Director, Healing Our Waters – Great Lakes Coalition
Laura Rubin has spent more than 30 years working on environmental protection, policy, and conservation issues. She is currently the Director of the Healing Our Waters—Great Lakes Coalition, which has been harnessing the collective power of more than 160 groups representing millions of people, whose common goal is to restore and protect the Great Lakes. The Coalition has earned a well-deserved reputation as a national leader in securing federal investment in regional ecosystem restoration efforts.
Before that Rubin worked as executive director of the Michigan-based Huron River Watershed Council since 1998, where she transformed the nonprofit from a low-profile organization to a high-impact, high-visibility national leader in the field of watershed management. HRWC leads in the development and dissemination of cutting-edge conservation and public-education projects and serves as a model for watershed organizations around the country and world.
She has served as a board member or advisor to local, state, and national organizations including the Michigan Environmental Council, the Alliance for the Great Lakes, the Great Lakes Integrated Science and Assessment Center, the University of Michigan School Of Natural Resources’ External Advisory Board, the City of Ann Arbor’s Greenbelt Commission, and others. For her national leadership in river protection, she received the River Network’s 2013 River Hero Award.
Prior to leading HRWC, Laura worked with small and medium sized manufacturers on pollution prevention efforts, consulted on economic development strategy with the Navajo Nation, and served as a Program Director at Greenpeace, where she cut her teeth on policy development, community organizing, and environmental advocacy.
Originally from the Chicago area, Laura grew up a block from Lake Michigan and learned to love and appreciate the beautiful waters, recreational opportunities, and rich ecology of the Great Lakes. She earned Master’s degrees in Business Administration and Natural Resource Policy at the University of Michigan’s Erb Institute, and a Bachelor of Arts in business economics from Colorado College.
First African American Chairman of Virginia Department of Game and Inland Fisheries Commission, & Northeast Regional Director, U. S. Fish and Wildlife Service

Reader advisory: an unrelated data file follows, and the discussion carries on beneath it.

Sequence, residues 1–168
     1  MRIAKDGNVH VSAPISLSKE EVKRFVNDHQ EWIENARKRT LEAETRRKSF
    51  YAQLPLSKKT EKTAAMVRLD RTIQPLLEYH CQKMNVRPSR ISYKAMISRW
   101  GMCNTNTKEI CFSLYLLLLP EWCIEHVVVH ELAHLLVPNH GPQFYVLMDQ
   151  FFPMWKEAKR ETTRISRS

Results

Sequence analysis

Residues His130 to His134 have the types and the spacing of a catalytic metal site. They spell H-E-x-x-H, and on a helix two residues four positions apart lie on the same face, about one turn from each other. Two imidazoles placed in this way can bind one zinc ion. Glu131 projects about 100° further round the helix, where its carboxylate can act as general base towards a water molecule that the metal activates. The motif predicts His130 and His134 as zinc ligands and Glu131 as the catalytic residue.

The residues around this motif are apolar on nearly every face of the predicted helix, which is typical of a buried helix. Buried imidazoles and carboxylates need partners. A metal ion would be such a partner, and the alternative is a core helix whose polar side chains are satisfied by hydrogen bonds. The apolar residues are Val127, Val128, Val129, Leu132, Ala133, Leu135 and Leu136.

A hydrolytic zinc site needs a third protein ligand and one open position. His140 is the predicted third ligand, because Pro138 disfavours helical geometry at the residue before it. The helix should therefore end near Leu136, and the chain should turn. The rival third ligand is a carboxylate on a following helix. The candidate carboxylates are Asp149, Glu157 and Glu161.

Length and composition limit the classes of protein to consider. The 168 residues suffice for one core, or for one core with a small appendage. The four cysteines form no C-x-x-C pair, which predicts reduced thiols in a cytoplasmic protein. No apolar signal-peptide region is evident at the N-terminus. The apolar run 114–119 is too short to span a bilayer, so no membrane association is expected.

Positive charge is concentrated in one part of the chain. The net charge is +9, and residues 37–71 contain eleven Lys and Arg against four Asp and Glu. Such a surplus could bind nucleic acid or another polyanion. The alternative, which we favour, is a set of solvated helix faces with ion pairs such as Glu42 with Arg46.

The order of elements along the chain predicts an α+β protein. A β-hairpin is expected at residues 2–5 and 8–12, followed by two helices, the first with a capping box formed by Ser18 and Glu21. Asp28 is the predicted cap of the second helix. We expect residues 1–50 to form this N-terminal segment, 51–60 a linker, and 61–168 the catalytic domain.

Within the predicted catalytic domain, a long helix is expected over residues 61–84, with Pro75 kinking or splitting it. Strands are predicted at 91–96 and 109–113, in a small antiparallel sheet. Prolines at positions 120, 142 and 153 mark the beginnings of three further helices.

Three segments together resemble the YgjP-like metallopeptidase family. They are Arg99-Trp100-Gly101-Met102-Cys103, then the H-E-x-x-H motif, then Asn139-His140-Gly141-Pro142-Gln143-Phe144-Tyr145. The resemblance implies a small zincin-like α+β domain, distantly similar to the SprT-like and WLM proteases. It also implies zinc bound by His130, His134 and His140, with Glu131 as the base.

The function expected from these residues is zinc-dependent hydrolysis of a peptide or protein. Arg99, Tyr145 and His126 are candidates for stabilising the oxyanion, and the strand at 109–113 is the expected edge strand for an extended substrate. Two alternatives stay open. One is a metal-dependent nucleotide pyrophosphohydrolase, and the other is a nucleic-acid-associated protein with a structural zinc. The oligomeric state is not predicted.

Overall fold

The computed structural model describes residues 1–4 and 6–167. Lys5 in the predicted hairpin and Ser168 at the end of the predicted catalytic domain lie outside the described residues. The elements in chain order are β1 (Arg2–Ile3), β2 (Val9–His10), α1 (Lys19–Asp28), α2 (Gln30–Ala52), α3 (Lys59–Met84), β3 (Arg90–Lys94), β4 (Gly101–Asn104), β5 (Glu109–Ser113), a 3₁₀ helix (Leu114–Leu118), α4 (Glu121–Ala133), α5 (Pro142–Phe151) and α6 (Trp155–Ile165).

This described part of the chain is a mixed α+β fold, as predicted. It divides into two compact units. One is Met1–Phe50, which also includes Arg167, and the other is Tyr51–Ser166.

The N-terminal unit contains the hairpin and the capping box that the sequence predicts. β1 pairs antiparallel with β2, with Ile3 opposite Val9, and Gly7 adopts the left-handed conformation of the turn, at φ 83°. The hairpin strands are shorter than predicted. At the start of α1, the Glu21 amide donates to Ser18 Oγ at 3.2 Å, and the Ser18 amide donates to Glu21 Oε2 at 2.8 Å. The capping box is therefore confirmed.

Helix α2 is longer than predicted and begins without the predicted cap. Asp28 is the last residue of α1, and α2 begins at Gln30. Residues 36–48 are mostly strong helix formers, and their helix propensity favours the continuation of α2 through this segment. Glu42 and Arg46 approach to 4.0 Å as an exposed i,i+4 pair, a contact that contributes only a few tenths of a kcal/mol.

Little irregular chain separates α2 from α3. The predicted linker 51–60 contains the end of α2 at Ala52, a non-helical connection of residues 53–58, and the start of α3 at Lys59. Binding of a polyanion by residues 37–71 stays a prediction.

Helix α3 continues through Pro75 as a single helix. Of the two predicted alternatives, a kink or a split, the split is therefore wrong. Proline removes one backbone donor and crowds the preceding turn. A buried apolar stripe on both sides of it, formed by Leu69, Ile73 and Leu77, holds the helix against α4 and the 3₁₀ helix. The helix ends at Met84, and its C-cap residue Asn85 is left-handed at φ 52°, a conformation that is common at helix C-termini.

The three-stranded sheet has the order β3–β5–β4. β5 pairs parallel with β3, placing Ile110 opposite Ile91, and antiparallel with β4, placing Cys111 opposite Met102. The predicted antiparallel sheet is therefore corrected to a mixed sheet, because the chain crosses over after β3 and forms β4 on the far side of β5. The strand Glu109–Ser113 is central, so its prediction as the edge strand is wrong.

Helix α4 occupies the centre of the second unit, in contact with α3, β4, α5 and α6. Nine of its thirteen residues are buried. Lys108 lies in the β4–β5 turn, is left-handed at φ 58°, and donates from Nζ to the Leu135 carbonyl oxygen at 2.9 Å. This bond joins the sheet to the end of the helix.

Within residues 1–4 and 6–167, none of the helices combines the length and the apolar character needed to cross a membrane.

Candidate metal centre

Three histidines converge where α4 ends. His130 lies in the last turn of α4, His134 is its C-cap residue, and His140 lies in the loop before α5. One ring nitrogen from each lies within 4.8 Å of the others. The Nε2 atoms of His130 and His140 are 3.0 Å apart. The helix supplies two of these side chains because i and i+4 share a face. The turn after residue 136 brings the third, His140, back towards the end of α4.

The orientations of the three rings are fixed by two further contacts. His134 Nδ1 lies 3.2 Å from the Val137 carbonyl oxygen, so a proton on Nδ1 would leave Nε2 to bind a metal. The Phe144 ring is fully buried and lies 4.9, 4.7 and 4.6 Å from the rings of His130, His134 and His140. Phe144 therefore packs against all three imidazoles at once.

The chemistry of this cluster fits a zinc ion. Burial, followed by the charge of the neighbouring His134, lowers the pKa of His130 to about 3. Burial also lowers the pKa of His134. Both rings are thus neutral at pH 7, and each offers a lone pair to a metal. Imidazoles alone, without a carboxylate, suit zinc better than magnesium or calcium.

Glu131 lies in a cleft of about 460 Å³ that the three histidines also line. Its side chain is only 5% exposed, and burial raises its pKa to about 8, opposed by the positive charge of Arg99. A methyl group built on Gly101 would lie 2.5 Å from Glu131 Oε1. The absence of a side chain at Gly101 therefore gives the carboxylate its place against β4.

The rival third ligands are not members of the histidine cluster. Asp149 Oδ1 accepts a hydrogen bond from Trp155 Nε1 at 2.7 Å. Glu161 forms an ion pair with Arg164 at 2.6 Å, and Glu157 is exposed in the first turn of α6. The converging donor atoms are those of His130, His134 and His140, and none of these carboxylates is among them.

Mamie A. Parker worked almost 30 years as a fish and wildlife biologist for the U. S. Fish and Wildlife Service (FWS) in Genoa; La Crosse; Green Bay, Madison, and Lake Mills, Wisconsin; Columbia, Missouri; New London and Minneapolis, Minnesota; Atlanta, Georgia; Amherst, MA; and Washington, D.C. During the Clinton Administration, Parker rose to the rank of Chief of Staff in the Service Headquarters, the first African American to hold this title.
Parker has outstanding experience in NEPA, Clean Water Act wetland protection and restoration. This extensive experience led her to receive the Annual Ira Gabrielson Award, an award to given by FWS leaders to the most outstanding leader in the agency. She played a major role in protecting our nation’s waters from the pollutants and invasive species such listing the Snakehead fish and Asian Carp as an injurious wildlife species. Parker led the FWS staff, along with partners in developing the National Fish Habitat Action Plan. The President of the United States presented Parker with the Presidential Rank award, the highest award given to government employees.
Parker also led the effort in working with the American Pharmaceutical Association and Wal-Mart to promote a national campaign of smart disposal of medicine and unwanted aquarium fish and plants. She was featured on the NPR’s Morning Edition. Parker is a leader in various organizations and serves on the Board of Directors of The Nature Conservancy, Duke University Nicholas School of the Environment, Northland College, Student Conservation Association, the National Wildlife Refuge Association, Brown Advisory Sustainable Investment, Marstel-Day Consulting Company, and the Chesapeake Conservancy.
Former Secretary Madeleine Albright and the Council of World Women Leaders awarded her with an Aspen Institute Fellowship for her work in the Kingdom of Lesotho and in Cape Town and Johannesburg, South Africa. She recently returned from the China where she spoke at the World Fisheries Congress on the impacts of climate change and development in coastal cities and communities of color.